What is “success” [to me]?

October 25, 2009

The day I first realized the meaning of success was when I won the island-wide Mathcounts Competition in 8th grade. When I first made the team, I had had no idea that I would have to meet with my coach after school, for two long hours every day of the school week, to solve numerous math problems. I worked hard and resiliently during these practices but did not think I had a chance at winning the competition. Then the long-anticipated day of the Mathcounts competition had arrived. That day, when I truly did win 1st place, I was undeniably stunned. It seemed to me that I would not have achieved success in this competition without the long journey of persistent, hard work, preceding the competition, that I had endured. And it was at this moment that I had realized: success, to me, is not about obtaining something I want, but about persevering in everything I do. In this respect, success was not centered on the gain of material things, but rather on the improvement of oneself. Success can thus be defined as being the best one can be.
As I worked through my high school years that followed the Mathcounts competition, my idea of success began to crystallize. It became clearer to me that success is directly related to the amount of effort I give towards becoming who I want to be. Since I have always been fond of learning and being as knowledgeable as I could about different things, each school assignment I completed was a success.
Success continues to be a path of self-improvement, associated with making the best, possible decisions. Learning from mistakes are also successes. For instance, school assignments that I had spent too much time on led me to revise my method of studying. Taking too much time on any one assignment was a mistake indeed, but since I seized the opportunity to learn from the mistake, I remained on my path of success.
My victory at the Mathcounts competition can be compared to a final arrival at land after a long-lasting voyage. Just like when the captain of a ship is focused solely on the task of avoiding danger and keeping his ship going, I did not get distracted but stayed focused during my Mathcounts practices. And just like the felicity the captain experiences after arriving at land after a lengthy and exhausting voyage, I felt a high degree of satisfaction and relief after receiving the Mathcounts 1st place plaque after hours and hours of relentless problem solving.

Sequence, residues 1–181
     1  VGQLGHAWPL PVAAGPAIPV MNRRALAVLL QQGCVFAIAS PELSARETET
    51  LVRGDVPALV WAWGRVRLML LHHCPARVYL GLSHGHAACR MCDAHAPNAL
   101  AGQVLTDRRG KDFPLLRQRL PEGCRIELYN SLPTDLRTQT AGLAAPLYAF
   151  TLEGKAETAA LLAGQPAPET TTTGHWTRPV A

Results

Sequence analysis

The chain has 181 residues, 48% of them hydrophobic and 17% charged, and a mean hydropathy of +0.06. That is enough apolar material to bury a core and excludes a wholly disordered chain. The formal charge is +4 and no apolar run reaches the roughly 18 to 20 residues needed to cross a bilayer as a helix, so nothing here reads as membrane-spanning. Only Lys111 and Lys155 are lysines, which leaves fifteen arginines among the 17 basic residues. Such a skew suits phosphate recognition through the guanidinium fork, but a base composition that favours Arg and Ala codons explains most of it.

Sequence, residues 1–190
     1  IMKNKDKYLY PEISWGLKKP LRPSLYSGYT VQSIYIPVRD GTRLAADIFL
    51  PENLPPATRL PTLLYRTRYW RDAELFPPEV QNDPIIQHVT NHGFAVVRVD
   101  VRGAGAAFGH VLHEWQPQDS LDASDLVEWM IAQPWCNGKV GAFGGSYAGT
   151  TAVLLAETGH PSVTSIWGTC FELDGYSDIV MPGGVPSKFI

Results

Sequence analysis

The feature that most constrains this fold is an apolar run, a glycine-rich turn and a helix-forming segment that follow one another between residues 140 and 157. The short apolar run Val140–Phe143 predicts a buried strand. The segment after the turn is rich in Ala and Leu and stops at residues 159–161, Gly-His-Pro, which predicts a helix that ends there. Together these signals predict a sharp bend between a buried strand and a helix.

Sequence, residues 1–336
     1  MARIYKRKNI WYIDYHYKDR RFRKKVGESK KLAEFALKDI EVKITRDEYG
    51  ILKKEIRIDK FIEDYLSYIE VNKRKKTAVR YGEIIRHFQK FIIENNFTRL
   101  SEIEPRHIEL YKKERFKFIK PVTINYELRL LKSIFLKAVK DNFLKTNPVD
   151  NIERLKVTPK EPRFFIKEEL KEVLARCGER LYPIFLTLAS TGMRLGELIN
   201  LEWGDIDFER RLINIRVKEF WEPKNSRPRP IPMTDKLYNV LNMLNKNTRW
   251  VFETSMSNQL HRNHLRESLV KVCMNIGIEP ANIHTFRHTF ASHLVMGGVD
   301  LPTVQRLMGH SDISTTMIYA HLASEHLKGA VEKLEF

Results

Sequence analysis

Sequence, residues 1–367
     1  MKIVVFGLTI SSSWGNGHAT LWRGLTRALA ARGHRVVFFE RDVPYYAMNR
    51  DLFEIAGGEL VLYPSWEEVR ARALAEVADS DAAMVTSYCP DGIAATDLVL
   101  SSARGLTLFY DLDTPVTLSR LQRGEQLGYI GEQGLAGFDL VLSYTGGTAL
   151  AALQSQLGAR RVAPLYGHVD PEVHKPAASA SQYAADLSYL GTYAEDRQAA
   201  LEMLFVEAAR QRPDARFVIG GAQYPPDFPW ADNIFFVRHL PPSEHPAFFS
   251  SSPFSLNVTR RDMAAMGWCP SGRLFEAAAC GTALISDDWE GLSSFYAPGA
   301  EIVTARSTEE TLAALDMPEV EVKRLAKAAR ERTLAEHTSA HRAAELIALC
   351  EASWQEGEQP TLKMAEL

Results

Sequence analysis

The philosophy of being the best one can be has guided me throughout my life and has taught me to work diligently and to take advantage of special learning opportunities like the Junior Statesmen Program. I am truly excited about the wonderful opportunities this program will provide and cannot wait to go, as it is a highly welcomed change from my young and still growing school (preschool through twelfth grade) of less than 300 students!


2 Responses to “What is “success” [to me]?”

  1. Devin Yoshimoto said

    I think it’s also important to recognize that interest and energy are cyclical. It is not possible to be ON all the time. I think it’s really important to identify those cycles so you can learn to work with them rather than fighting it and burning yourself out.

    I think you should keep writing blogs. Your a pretty good writer and writing is a very important skill. You should read Tucker Max’s advice on writing. It’s very helpful and i’m trying to implement his advice into my writing also.


    Very valuable advice.

  2. Thanks. I agree. Interest in something is hard to maintain. It comes on and off, so work with it; that’s a good point.

    And thanks for your encouragement. I’ve been writing quite a bit over the past days. And now I’m seeing like… sometimes over 10 views per day on my little statistics area of my account. So, it seems like my blog is slowly growing more active, i guess.

    And I’ll check it out.

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